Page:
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(1) Alaska, USA(1964) (2) Niigata, Japan(1964) (3) Loma Prieta, USA(1989) (4) Kobe, Japan (1995)1.4 Methods of reducing liquefaction hazardsThere are basically three methods of reducing hazards liquefactionhazards: 1) By Avoiding Liquefaction Susceptible Soils Construction on liquefaction susceptible soils is to be avoided. It is required to characterize the soil at a particular building site according to the various criterias available to determine the liquefaction potential of the soil in a site 2) Build Liquefaction Resistant Structures The structure constructed should be liquefaction resistant i.e., designing the foundation elements to resist the effects of liquefaction if at all it is necessary to construct the structure on liquefiable soil because of favourable location, space restriction and other reasons. 3) Improve the Soil This involves mitigation of the liquefaction hazards by improving the strength, density and drainage characteristics of the soil. This can be done using variety of soil improvement techniques.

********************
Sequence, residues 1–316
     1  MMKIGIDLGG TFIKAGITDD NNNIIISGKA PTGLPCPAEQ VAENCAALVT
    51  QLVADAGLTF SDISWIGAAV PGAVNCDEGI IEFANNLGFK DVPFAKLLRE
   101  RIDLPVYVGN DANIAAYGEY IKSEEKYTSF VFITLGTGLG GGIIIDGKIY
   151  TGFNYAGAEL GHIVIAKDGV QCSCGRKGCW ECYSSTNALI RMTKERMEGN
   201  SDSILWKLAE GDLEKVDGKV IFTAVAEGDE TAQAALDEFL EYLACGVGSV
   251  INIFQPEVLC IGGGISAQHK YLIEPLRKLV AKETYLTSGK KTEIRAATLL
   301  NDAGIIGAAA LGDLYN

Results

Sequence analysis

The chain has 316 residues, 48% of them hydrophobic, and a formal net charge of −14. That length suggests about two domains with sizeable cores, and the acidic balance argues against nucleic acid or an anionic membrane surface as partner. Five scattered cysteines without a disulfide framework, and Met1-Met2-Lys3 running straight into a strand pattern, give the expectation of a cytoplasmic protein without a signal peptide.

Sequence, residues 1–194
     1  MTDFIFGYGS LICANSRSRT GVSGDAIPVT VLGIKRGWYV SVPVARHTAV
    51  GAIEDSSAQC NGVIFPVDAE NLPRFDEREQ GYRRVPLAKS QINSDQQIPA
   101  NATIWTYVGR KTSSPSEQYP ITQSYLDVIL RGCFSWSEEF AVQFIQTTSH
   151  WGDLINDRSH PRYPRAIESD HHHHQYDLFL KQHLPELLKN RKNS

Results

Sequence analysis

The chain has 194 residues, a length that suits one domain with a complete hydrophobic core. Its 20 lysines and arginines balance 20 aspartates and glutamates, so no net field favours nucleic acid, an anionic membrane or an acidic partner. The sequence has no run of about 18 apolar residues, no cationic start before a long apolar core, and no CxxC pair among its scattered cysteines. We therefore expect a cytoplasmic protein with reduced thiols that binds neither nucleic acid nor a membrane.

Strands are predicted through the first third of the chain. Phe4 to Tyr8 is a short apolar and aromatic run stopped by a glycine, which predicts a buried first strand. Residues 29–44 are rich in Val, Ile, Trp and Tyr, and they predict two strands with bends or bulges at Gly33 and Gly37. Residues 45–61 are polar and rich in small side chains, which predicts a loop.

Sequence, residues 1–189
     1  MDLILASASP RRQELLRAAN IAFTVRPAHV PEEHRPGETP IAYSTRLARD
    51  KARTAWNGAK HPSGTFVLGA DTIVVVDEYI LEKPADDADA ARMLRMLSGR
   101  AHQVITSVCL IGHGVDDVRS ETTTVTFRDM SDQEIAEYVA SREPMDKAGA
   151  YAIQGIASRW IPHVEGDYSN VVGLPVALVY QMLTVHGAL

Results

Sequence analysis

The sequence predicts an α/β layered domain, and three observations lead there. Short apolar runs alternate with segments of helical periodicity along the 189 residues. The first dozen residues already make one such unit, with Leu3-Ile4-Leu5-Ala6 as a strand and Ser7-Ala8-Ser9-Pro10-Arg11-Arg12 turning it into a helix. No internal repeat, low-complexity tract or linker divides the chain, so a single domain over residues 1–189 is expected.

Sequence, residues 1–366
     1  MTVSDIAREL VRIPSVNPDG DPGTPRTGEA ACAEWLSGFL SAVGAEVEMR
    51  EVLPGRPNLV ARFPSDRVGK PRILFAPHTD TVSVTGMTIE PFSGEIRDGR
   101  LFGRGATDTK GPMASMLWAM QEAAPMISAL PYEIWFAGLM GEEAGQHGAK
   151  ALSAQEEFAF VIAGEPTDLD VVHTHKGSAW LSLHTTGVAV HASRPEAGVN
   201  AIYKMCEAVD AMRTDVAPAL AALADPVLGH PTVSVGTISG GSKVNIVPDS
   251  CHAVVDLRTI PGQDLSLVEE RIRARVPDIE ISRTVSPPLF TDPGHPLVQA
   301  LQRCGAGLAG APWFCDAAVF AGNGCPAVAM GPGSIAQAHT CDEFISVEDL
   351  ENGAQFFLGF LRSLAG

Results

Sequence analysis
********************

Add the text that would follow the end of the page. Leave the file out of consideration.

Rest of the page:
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2.1 General literature reviewA more precise definition as given by Sladen et al (1985)[6] states that “Liquefaction is aphenomena wherein a mass of soil loses a large percentage of its shear resistance, whensubjected to monotonic, cyclic, or shocking loading, and flows in a manner resembling a liquiduntil the shear stresses acting on the mass are as low as the reduced shear resistance”Soils have the tendency to decrease in volume when they are subjected to shearing stresses. Thesoil grains tend to configure themselves into a more denser packing with less space in the voids,as water is forced to move out of the pore spaces. If the drainage of this pore water is obstructedthen there is an increase in the pore water pressure with the shearing load. Therefore there is atransfer of stress i.e. there is decrease in effective stress and hence in the shearing resistance ofthe soil. If the static, driving shear stress is greater than the shear resistance of the soil, then itundergoes deformations which we term as liquefaction. Liquefaction of loose, cohesionless soilscan be observed under monotonic as well as cyclic shear loads.When dense sands are sheared monotonically, the soil gets compressed first, and then it getsdilated as sand particles move up and over one another. When dense saturated sands are shearedimpeding the pore water drainage, their tendency of volume increase results in a decrease in porewater pressure and an increase in the effective stress and shear strength. When dense sand issubjected to cyclic small shear strains under undrained pore water conditions, excess pore waterpressure may be generated in each load cycle leading to softening and the accumulation ofdeformations. However, at lager shear strains, increase in volume relieves the excess pore waterpressure resulting in an increased shear resistance of the soil.After initial liquefaction if large deformations are prevented because of increased undrainedshear strength then it is termed,” limited liquefaction” (Finn 1990)[7]. When dense saturatedsands are subjected to static loading they have the tendency to progressively soften in undrainedcyclic shear achieving limiting strains which is known as cyclic mobility(Castro 1975; Castroand Poulos 1979)[8]. Cyclic mobility should not be confused with liquefaction. Both can bedistinguished from the very fact that a liquefied soil displays no appreciable increase in shearresistance regardless of the magnitude of deformation (Seed 1979)[9]. Soils undergoing cyclic